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    We need to allow users to rate and review content,
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    and we need to build a custom search page, not just a listing.
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    So first things first, product information.
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    You can see on our site here, I have some reviews,
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    and I have product information.
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    I actually have a link, and I have an image of the product.
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    And if I click through to the full node, you'll see I have even more.
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    It tells me the manufacturer, and importantly
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    it tells me the current price.
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    So this is really important information
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    that we need right here.
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    Where we are getting this information is from Amazon.com.
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    So all of this information here is definitely
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    crucial to our requirements.
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    And so the easiest way to do this, instead of looking all
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    this information up and typing it in by hand, is to let someone else
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    do the work.
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    And so, if we look at amazon.com, amazon.com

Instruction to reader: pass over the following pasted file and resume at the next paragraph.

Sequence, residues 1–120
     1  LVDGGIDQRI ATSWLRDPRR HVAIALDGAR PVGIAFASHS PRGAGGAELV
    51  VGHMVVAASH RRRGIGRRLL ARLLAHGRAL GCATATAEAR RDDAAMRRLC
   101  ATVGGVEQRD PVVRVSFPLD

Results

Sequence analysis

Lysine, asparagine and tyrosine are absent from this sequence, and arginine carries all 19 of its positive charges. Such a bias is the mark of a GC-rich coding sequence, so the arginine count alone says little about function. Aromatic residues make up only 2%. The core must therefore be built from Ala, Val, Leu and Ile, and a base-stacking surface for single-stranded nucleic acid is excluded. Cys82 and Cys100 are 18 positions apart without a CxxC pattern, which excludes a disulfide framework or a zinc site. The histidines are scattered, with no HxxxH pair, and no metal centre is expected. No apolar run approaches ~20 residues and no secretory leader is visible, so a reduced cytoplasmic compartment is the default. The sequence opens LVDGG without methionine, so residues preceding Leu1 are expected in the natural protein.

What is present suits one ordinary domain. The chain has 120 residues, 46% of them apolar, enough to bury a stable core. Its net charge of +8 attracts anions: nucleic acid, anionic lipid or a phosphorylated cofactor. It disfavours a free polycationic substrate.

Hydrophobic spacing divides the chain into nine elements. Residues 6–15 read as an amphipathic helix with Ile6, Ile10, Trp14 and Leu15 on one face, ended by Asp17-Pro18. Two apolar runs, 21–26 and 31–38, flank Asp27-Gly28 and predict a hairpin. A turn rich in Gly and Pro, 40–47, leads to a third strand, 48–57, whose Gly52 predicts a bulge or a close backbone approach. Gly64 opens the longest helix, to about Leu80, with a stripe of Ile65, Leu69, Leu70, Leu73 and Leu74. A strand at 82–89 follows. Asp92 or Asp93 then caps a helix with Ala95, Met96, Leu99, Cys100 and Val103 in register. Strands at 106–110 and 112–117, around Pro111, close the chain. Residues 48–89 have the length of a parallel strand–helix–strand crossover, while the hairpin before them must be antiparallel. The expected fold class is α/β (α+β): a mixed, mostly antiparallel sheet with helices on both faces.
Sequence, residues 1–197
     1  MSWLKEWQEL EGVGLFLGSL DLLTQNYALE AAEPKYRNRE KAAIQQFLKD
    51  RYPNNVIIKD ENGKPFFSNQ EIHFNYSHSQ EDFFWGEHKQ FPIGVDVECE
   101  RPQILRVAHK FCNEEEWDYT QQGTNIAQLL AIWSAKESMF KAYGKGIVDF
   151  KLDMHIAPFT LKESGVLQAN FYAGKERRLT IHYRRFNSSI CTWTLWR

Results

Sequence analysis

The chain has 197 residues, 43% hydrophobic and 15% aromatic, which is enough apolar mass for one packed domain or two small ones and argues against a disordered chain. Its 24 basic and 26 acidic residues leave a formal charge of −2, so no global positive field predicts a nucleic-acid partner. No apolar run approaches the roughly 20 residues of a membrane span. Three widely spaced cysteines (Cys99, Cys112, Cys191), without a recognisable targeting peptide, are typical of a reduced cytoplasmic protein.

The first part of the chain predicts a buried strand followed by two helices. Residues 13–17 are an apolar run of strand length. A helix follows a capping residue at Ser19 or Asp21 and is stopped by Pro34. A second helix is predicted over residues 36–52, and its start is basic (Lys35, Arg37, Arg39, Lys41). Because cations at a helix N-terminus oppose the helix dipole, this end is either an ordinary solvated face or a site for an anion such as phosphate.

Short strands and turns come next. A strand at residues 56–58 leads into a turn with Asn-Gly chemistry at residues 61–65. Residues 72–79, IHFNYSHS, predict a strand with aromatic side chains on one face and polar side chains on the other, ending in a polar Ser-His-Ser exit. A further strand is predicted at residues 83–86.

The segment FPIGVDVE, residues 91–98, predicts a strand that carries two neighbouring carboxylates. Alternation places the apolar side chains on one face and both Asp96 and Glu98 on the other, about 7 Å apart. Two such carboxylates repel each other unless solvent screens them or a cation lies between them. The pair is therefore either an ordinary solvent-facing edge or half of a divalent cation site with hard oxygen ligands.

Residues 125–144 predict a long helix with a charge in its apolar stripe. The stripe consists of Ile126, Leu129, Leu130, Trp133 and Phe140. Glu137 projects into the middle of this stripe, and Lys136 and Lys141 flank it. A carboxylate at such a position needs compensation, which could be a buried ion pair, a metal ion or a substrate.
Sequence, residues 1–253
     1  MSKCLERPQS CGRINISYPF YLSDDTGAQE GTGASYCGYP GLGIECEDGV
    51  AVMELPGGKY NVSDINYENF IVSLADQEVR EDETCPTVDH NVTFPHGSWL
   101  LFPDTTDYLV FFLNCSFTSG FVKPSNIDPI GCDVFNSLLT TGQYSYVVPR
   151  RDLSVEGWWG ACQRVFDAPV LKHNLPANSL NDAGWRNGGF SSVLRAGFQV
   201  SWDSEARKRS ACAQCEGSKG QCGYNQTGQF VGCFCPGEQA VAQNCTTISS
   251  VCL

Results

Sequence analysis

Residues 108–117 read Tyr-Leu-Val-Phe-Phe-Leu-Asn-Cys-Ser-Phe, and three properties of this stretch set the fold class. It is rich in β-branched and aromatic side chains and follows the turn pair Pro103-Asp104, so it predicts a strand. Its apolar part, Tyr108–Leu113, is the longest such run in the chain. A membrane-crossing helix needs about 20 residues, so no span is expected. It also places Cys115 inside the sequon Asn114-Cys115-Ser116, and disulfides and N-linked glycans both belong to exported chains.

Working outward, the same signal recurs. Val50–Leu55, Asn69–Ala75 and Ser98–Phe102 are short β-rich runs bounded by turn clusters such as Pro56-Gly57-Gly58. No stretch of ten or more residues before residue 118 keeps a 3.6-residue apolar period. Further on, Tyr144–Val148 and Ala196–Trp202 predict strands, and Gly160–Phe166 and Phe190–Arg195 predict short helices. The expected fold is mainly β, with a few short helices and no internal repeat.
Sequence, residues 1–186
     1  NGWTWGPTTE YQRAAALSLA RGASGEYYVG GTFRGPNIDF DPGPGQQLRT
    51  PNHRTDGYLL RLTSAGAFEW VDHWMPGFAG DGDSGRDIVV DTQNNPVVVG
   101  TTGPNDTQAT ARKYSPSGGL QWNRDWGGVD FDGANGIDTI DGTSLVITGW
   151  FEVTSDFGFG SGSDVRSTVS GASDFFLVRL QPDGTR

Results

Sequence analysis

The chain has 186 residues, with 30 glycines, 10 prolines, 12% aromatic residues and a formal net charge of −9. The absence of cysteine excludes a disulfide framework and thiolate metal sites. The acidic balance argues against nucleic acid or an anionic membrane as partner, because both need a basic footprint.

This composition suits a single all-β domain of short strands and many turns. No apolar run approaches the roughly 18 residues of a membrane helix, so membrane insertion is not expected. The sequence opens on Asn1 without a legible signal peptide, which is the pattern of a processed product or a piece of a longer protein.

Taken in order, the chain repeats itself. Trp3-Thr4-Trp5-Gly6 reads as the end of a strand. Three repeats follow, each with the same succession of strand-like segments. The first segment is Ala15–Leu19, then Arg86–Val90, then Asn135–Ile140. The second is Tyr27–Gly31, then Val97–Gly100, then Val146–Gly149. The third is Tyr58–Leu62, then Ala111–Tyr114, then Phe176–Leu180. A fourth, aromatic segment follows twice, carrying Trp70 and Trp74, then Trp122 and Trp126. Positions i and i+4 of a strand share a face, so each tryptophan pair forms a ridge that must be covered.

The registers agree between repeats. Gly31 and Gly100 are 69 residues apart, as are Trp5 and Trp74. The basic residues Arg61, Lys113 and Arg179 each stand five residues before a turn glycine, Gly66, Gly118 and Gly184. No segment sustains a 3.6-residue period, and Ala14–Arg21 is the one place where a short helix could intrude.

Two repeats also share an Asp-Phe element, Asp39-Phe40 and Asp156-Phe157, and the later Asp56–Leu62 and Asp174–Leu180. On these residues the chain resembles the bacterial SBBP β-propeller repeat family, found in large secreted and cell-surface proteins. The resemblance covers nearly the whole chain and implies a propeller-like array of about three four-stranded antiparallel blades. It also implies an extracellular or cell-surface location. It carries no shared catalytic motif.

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    has a lot of products, pretty much anything
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    that we're probably going to be found on amazon.com.
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    And they provide access to their full database and product
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    information, using the Amazon product advertising API.
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    So we can use amazon.com's API I for the data
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    that we need, and we don't actually have to enter any of this stuff in.
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    The way that we're going to do that is by using the Amazon module.
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    That's going to hook up Amazon's API to our Drupal site,
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    so that they can communicate, and we can
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    get the information that we need.
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    So in addition to our product information,
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    we also mentioned the ratings.
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    So we have an editor rating here, with some stars.
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    And then we also have reader ratings it down here.
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    So if I was to leave a comment, and I'm just viewing the site,
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    I can also leave my rating, which will
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    be different than that editor rating.
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    So the Drupal community has dozens and dozens of ways of sort